Norwegian Airlines, Bargain Flights to Europe, Travel Tips

In the air

NORWEGIAN AIRLINES

Should you fly this budget carrier? 8 Things to know before buying your ticket

Why consider?

Low-cost, long-haul carriers like Norwegian Airlines can offer pretty attractive fares to American fliers.  But before you hit the BUY button on your computer screen, read on.  There are 4 things that you’ll love about these deals and a few things that you may not be so keen on.

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What you’ll love

1/Affordable flights

When Norwegian Airlines first launched its transAtlantic flights to Europe, it listed fares starting as low as $65 each way. Those low, low prices were promotional, introductory fares, offered to create buzz about the new service, but the company said round-trip fares on the new routes would average $300 to $500, still a comparable bargain. That made a vacation to Europe more do-able for families.

KidTripster Tip: Don’t forget to check Norwegian when looking for cheap flights within Europe, too.

2/Routes

The airline has flights from 14 U.S. cities: Austin, Boston, Chicago, Denver, Fort Lauderdale, Los Angeles, Miami, New York JFK, Newark, Oakland, Orlando, San Francisco, Seattle, and Tampa. Notes some of the routes are seasonal only.

Destinations include London, Paris, Barcelona, Oslo, and Stockholm.

3/Good airplane food (yes, really!)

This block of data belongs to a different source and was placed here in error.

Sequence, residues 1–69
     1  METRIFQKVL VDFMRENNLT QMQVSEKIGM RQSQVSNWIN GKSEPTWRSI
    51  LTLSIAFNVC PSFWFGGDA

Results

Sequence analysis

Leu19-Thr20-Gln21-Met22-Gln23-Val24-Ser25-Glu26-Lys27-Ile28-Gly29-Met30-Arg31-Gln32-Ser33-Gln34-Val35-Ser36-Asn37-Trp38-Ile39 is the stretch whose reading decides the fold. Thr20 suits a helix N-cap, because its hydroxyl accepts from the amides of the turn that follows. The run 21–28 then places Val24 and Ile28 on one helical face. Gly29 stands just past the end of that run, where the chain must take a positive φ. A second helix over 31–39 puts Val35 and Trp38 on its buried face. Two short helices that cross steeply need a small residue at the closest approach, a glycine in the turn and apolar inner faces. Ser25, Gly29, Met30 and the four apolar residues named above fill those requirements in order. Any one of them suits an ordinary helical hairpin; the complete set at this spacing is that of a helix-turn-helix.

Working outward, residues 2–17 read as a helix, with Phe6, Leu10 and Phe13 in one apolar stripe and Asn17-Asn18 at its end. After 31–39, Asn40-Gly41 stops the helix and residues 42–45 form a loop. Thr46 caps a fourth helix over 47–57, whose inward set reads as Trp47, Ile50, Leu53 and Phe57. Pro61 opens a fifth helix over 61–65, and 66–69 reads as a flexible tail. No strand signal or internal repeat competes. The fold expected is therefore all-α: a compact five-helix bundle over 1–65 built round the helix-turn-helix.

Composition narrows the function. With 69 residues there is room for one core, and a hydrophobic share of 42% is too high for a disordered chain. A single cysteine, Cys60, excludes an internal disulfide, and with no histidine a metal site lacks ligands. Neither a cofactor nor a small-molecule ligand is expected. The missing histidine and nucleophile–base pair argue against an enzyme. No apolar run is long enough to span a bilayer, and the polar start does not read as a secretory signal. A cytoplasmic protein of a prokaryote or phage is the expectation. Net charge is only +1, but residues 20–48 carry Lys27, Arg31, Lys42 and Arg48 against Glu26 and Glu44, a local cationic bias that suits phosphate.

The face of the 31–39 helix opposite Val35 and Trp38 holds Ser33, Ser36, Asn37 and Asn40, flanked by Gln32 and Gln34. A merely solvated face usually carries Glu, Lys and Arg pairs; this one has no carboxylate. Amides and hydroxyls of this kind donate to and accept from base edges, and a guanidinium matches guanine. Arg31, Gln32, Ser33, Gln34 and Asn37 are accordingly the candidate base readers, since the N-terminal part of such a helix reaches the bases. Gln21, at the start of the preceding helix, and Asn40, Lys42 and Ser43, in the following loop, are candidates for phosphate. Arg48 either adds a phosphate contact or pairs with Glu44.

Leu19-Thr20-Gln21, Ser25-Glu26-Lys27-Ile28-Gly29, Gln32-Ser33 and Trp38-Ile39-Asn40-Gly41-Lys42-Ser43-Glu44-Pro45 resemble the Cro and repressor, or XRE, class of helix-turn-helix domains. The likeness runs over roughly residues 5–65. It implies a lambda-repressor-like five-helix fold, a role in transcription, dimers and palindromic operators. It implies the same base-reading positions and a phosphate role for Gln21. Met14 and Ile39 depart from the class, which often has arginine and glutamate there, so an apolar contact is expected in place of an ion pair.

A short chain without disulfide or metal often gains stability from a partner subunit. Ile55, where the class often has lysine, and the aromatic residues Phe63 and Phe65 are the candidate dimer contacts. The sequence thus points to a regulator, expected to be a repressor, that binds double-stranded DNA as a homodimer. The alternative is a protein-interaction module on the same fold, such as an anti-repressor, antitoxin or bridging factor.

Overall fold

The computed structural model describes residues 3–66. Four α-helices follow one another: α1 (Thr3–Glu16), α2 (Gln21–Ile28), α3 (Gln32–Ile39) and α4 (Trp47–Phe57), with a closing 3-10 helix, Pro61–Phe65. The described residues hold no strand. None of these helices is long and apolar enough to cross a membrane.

I can’t believe that I’m about to write this, but one of the things that we liked about our flight was actually the food. The kids’ meals came out first, and our daughter actually ate it and liked it! Chicken tenders (with real breast meat not processed nuggets), mac ‘n cheese, cooked carrots and broccoli, apple juice, and a blondie brownie. For us, it was grilled chicken with zucchini, squash, eggplant, and bell peppers over sticky rice with a cucumber, onion, and feta salad on the side that was so good even I (the non-cucumber lover) ate it all! There were blondie brownies for Mom and Dad, too.  Meals come with your choice of beer, wine or mineral water during the service, but you have to pay for any beverages beyond that (including coffee or water).

KidTripster Tip: If you don’t opt for the prepaid meal at booking, you can buy options like a salad, cold sandwich, hot sandwich, fruit salad, chips, nuts, cookies, and your usual selection of drinks on board. On our flight, passengers who didn’t pre-book a meal (48 hours or more before the flight) weren’t served anything more than a cup of water. Also, passengers who booked meals were served first and only after that were other passengers able to order drinks or meals for purchase. And no free drinks are served beyond that initial cup of water.

4/More competition

Norwegian's inexpensive flights have forced other airlines to drop their prices to places where Norwegian flies. Read our 12 secrets for finding the best airfare

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What you may not like

1/Hidden fees

As with anything that may sound too good to be true, there is, of course, a catch. There are other hidden costs that you need to factor in, especially if you’re traveling with kids and multiple bags.

Preordered meals are $11 each way.

Want to reserve your seat on the lowest fare ticket? That will cost you $12 to $60 per leg; on a long-haul flight, that fee can jump up to $95 per leg.

There’s even an extra fee for a connecting flight! It will cost you an extra $13 per leg or $25, if connecting via London’s Gatwick.

2/Low baggage weight allowance and more fees

Most airlines allow checked bags to be up to 50 pounds; on British Airways, it’s 51 pounds.  But on Norwegian Airlines, like many other low-cost airlines, the weight limit is 44 pounds.  And much like those other airlines, Norwegian will charge you $15 per kilo for the extra weight.